The culture of language, and the ‘New Reticence’

Are we returning to a more Victorian sense of propriety?

There was an uproar earlier this month over the use of the word “vagina” on the legislative floor.

Well, actually there were two upoars – one on each side of the cultural divide.

First the Michigan House of Representatives barred members Lisa Brown and Barb Byrum from speaking on the House floor, after Brown used the word while discussing a bill that seeks to put new regulations on abortion providers and ban all abortions after 20 weeks.

Brown ended her time on the floor saying “And finally, Mr. Speaker, I’m flattered that you’re all so interested in my vagina, but ‘no’ means ‘no.'”

In justifying the move to bar Brown from speaking again Rep. Mike Callton, R-Nashville said “What she said was offensive, I don’t even want to say it in front of women. I would not say that in mixed company.”

Then there was a public outcry on social media and in the press as people became enraged at the violation of the Representatives’ first amendment rights.

Linguist Geoff Nunberg, appearing on WHYY’s Fresh Air, said this was just one of several instances which point to what he calls “The New Reticence — a distaste for explicit discussions of sexual matters in public, even in the most antiseptic terms.”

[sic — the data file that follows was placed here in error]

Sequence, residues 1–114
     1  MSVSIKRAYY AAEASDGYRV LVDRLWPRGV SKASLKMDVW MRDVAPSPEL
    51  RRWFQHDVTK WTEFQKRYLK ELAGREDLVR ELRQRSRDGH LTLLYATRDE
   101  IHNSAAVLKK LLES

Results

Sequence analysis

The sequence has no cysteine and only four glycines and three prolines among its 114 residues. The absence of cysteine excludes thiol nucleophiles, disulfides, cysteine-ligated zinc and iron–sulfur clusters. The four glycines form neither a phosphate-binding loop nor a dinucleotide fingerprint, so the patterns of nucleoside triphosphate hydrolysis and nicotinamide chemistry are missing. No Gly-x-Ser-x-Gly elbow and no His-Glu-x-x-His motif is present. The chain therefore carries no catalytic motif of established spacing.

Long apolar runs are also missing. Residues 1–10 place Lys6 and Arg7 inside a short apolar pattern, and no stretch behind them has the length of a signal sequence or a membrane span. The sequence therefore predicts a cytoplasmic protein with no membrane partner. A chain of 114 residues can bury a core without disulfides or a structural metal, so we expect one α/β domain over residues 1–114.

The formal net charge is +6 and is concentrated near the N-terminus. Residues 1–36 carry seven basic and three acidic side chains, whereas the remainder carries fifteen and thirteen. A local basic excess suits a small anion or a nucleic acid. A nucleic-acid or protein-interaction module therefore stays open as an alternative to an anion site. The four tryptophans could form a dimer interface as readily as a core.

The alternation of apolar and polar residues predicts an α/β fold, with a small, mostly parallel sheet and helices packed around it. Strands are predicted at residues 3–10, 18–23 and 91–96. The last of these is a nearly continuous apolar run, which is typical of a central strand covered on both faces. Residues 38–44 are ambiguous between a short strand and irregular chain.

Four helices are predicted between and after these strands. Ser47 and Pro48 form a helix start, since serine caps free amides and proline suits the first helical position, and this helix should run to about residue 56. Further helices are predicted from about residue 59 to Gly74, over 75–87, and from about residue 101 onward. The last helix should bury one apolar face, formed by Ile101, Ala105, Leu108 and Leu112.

The New Reticence has old roots. To the Victorians, a work could be held obscene or indecent simply because it dealt with a topic like sexual hygiene, prostitution or seduction, however decorously it described them. In 1914, Margaret Sanger was prosecuted for obscenity when she published a book advocating birth control. But the Victorian taboos were beginning to fray. By the 1920s, sex was an acceptable dinner party topic in sophisticated circles so long as it was described in an appropriately clinical way. That was when terms like “fellatio,” “homosexual” and “orgasm” entered the educated vocabulary, while the category of obscenity was narrowed to the vulgar terms for sex and the body — what people started to refer to as the “four-letter words.” It was the beginning of the long revolution in American mores that the historian Rochelle Gurstein described in a book called The Repeal of Reticence. From Freud and Sanger to Kinsey and Masters and Johnson to Dr. Ruth and Eve Ensler — with every generation, our public discussions of sex have grown freer and more open.

But not everybody has embraced that spirit of candor. There have always been a lot of Americans who are troubled by the clinical discussions of sex in public life. They suspect — and with some cause — that tricking sexuality out in a lab coat is a way of detaching it from the moral control of the family and the community. I don’t know whether those people are more numerous now than they used to be. But they’re clearly better organized and more audible. And they’re increasingly wielding the conversational gavel, sometimes literally.

You can read Nunberg’s complete editorial here.

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